My wife made the observation several months ago that it just didn’t seem right that we pay tithing when we have no well, nor electricity; in other words, not adequate living conditions. So we stopped paying. Something seems to be missing in the concept of tithing that the Church espouses. And you seem to have hit the nail on the head.

  5. […] Four part series on Tithing from LDS Anarchist – Part 1 | Part 2 | Part 3 | Part 4 […]

  6. My husband and i have been pondering this and talking of this for years. thank you for all of this. it is exactly how we have felt. My father on the other hand sees it as JoJo put it.
    My Father said to me “Are you looking for a way to justify paying the least you can get away with and still be justified?” My husband and i are in no way doing this. those of us who search ponder and share our feelings of this are not looking for an easy out.

    If my surplus and the 10% of increase ended up to be more than 10% of my annual income i would in no way complain or start looking for another answer. We are not trying to cheat the Lord or ourselves we are meerly trying to understand his law and follow His teachings to the best of our ability. We are doing what we have been taught to do by the Lord, Study for ourselves, search, ponder and pray.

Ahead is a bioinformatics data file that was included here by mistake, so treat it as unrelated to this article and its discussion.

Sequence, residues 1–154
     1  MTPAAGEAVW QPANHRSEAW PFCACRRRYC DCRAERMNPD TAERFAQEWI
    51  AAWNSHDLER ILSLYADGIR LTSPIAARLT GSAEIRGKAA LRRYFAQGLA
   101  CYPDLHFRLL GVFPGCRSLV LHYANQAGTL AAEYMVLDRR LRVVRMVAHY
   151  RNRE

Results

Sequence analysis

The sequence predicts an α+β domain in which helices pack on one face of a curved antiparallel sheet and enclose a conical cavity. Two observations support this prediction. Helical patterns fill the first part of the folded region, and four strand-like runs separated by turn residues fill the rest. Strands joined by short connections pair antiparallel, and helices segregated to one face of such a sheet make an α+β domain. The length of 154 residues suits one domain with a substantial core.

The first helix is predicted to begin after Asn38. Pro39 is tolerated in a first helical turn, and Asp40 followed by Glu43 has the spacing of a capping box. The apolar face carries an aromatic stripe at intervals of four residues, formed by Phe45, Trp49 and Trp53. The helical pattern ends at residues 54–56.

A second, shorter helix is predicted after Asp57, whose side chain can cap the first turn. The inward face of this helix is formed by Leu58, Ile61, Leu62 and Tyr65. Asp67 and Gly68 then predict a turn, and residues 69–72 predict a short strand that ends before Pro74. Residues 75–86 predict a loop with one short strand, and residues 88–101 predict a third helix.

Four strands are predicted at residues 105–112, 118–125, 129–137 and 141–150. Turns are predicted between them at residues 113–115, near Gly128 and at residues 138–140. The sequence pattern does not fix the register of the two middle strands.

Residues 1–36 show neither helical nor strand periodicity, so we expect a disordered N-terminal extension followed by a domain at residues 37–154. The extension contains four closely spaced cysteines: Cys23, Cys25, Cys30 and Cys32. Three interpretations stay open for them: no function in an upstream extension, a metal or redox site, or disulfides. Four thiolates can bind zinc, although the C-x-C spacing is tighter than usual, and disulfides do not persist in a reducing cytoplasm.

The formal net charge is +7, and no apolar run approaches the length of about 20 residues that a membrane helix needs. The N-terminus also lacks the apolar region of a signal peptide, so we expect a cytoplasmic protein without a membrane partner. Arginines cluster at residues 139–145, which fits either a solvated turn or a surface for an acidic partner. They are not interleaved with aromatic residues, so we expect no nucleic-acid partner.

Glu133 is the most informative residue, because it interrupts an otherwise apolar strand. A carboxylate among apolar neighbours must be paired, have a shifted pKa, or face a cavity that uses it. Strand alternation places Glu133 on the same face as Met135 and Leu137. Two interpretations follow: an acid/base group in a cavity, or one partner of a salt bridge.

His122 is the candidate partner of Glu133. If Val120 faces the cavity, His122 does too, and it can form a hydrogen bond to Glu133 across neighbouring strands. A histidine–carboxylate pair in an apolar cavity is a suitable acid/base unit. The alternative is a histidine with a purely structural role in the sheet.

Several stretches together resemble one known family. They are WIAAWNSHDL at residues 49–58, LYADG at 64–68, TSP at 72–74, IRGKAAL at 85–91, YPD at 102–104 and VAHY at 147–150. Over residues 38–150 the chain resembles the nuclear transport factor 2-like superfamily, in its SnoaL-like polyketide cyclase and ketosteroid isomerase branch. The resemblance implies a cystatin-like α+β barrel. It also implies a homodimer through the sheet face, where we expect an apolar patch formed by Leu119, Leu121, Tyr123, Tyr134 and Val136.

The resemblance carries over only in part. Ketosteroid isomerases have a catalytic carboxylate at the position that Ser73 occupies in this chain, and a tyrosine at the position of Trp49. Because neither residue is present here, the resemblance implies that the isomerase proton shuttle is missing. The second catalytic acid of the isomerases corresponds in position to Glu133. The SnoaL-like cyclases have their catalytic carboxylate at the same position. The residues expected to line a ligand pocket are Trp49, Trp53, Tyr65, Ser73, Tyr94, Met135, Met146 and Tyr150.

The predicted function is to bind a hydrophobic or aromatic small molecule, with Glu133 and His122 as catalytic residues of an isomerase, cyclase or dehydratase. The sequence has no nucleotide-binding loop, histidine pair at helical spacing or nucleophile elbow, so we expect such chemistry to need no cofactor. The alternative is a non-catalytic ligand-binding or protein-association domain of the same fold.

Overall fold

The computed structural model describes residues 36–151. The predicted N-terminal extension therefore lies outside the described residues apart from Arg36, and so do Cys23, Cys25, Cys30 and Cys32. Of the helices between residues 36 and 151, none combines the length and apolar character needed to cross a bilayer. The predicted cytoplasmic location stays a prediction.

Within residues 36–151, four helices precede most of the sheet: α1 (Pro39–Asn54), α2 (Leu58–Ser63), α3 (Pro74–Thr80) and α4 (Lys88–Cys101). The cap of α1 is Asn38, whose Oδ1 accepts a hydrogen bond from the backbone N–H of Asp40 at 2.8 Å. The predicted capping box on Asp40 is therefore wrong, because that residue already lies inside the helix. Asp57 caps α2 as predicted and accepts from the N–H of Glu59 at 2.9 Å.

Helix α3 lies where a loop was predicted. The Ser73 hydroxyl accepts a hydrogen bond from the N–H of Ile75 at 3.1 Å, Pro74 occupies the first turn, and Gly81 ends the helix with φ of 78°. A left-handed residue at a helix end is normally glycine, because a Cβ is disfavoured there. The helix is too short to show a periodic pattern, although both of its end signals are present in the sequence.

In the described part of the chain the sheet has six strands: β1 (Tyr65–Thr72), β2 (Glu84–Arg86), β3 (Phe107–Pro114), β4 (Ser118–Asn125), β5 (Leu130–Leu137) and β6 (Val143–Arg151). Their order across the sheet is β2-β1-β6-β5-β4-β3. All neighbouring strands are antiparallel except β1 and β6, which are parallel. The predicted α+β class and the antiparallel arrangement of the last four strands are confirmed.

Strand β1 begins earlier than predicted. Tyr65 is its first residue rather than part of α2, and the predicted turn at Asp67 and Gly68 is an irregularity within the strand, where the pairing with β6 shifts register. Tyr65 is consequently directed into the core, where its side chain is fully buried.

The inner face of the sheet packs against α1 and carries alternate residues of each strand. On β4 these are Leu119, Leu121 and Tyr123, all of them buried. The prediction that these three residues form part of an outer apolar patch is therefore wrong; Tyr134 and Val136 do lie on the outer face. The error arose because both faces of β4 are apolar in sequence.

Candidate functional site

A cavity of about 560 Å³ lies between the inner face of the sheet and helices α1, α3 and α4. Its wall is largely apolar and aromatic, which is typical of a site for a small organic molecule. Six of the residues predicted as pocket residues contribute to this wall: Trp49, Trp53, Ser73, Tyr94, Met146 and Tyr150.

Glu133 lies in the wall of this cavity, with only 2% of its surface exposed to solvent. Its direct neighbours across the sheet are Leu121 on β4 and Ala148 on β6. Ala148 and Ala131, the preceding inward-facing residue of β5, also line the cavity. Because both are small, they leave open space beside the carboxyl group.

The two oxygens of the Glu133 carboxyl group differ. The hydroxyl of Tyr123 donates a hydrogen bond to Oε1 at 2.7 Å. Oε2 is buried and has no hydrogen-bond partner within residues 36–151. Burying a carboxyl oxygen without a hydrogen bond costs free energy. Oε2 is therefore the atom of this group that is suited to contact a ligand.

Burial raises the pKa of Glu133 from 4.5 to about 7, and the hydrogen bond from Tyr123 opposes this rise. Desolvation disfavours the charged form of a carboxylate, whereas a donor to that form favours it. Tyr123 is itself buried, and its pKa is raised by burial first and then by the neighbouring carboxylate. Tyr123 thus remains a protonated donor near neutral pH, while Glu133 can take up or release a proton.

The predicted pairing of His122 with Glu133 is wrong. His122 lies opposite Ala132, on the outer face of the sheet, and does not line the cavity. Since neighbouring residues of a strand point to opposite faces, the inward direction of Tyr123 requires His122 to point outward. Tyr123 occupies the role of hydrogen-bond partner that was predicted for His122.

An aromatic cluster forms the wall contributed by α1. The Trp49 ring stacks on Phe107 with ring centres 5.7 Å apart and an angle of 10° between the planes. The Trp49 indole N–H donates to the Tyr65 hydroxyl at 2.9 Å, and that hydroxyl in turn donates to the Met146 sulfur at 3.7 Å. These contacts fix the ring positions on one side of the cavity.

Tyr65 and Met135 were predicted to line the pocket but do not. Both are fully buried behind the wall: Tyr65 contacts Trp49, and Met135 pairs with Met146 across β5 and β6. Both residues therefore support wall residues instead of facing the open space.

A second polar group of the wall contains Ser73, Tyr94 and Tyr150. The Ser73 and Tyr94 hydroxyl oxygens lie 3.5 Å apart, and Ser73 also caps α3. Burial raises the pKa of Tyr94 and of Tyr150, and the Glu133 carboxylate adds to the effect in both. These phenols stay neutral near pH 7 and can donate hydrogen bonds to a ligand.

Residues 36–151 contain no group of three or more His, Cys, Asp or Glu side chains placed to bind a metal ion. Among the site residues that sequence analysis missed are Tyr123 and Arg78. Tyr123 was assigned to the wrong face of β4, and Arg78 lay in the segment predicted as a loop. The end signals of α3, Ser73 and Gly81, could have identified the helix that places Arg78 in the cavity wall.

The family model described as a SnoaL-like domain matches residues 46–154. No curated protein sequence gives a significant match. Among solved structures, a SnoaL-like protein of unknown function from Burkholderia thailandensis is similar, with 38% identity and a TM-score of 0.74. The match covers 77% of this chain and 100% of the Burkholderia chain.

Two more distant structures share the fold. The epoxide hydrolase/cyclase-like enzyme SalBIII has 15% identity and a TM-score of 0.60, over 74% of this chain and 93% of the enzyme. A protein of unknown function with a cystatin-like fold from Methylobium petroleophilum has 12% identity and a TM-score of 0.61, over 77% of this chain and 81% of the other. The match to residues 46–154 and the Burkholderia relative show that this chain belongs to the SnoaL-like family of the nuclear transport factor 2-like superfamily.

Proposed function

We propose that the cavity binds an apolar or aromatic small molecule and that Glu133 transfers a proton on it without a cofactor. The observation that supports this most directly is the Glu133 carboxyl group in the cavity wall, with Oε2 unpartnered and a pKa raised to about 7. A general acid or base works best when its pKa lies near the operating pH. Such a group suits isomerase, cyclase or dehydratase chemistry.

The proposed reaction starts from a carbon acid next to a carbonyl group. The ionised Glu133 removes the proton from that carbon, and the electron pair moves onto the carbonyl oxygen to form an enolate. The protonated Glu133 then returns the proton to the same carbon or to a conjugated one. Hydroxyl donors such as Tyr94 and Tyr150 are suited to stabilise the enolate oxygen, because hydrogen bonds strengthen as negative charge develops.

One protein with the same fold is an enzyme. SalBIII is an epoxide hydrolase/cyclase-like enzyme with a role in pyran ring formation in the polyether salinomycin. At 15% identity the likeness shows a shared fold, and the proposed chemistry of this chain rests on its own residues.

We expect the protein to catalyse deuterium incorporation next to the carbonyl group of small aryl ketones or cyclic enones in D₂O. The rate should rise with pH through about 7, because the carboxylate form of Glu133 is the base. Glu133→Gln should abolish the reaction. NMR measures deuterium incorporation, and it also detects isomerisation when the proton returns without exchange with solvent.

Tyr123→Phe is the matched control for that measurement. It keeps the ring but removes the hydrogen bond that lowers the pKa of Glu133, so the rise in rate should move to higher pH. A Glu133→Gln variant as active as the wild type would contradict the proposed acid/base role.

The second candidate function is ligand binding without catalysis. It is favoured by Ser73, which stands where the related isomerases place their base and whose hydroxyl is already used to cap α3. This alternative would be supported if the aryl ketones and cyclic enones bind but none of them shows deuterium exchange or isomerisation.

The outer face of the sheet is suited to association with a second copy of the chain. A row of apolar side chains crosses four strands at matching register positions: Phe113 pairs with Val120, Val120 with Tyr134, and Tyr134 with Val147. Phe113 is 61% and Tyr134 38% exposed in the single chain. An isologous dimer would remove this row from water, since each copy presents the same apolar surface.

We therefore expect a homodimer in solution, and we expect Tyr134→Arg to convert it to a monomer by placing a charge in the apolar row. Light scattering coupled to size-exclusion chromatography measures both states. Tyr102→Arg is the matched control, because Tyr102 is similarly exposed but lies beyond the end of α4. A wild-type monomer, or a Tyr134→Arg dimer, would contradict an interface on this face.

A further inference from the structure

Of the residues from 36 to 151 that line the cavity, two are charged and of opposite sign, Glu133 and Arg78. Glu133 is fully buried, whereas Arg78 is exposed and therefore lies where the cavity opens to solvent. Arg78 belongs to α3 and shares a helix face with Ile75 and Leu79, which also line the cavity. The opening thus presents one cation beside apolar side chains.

it is such a shame that so many members of the church either become inactive, or give up their temple recommend because they cant fulfill the 10% net or gross tithe. The scripture explains clearly that the poor are exempt, how many do you think could be comforted by understanding that basic principle? My husband knew a man who felt so guilty after hearing a talk in GC about paying your full tithe. Being as poor as he was, he had no extra, no surplus, so he cashed in his retirement so that he could catch up on tithing and have the blessings of heaven poured upon him, like so many talks promise.
    The Lord never intended for that man or any of us to put ourselves in that situation just to pay our tithe. He never intended for My husbands friend to have NO retirement.

    An example of cashing in your surplus for us would be; Selling our extra chicken eggs and giving the money to the lord. Since today you can’t stand on your bishops door steps with extra eggs as tithe. Thats just my idea of cashing in my surplus.

    Again thank you for these 4 posts about tithing, it has helped us in so many ways.

  7. Who decides who is needy?

    I love that you are justifying not giving anything to the lord because you declare yourself to be “Needy”

    That is one of the most evil things I have ever heard. Taking from those that work, earn, create and labor and giving it to those who don’t because they say they “Need” it.